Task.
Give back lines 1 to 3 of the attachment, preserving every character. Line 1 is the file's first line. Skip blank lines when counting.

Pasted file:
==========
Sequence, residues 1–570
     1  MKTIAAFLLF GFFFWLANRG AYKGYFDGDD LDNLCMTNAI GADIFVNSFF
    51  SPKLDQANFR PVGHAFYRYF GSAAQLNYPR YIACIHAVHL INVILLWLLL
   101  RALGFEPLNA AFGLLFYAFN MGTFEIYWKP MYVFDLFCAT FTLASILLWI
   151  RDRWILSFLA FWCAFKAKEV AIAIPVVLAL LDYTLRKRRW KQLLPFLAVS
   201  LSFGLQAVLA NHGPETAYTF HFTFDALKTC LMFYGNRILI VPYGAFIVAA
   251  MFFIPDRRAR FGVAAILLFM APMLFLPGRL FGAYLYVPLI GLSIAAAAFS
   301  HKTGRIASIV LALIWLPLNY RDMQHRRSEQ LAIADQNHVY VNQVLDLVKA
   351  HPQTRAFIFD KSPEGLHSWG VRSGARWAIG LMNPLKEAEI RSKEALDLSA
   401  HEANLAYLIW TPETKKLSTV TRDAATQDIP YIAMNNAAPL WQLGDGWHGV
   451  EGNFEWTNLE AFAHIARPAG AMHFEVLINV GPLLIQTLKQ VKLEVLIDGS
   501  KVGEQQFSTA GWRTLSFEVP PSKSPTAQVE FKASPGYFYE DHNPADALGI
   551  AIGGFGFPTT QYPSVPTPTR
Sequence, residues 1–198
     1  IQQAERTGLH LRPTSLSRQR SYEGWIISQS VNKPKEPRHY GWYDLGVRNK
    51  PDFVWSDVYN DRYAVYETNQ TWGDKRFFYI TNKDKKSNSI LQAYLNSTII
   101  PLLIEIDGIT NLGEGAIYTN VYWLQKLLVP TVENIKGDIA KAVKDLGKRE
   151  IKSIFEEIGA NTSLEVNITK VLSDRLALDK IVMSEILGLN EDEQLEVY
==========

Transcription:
Sequence, residues 1–570
     1  MKTIAAFLLF GFFFWLANRG AYKGYFDGDD LDNLCMTNAI GADIFVNSFF
    51  SPKLDQANFR PVGHAFYRYF GSAAQLNYPR YIACIHAVHL INVILLWLLL